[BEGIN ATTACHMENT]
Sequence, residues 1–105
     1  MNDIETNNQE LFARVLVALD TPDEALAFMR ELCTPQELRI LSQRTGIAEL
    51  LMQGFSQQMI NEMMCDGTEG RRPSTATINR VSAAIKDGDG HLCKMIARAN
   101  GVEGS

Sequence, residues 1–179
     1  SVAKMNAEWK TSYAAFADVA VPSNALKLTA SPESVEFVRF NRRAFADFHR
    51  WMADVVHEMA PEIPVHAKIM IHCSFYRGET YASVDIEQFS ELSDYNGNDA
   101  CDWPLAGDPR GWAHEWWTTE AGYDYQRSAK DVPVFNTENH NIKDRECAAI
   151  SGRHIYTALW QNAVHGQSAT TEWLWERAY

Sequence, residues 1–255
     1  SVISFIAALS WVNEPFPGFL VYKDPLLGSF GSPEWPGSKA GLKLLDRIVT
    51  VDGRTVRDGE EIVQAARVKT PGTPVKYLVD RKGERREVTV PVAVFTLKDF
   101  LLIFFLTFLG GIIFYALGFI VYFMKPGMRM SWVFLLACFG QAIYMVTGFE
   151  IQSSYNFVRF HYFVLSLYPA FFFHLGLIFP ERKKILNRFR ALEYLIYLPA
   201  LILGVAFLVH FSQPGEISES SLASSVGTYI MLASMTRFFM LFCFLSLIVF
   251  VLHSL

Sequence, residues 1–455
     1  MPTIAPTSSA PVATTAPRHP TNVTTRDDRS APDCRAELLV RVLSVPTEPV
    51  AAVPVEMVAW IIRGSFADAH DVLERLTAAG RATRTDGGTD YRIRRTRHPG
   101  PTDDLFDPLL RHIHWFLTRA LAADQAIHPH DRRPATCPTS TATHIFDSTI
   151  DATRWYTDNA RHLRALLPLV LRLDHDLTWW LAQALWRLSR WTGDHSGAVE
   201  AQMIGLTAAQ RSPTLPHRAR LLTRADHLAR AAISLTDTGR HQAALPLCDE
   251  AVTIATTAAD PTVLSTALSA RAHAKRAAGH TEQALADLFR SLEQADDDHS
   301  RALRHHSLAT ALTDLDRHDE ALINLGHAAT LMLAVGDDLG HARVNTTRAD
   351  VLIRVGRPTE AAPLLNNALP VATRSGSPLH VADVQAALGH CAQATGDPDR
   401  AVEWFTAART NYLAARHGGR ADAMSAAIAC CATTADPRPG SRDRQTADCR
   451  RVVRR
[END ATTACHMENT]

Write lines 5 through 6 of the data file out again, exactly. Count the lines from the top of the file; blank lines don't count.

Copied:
Sequence, residues 1–179
     1  SVAKMNAEWK TSYAAFADVA VPSNALKLTA SPESVEFVRF NRRAFADFHR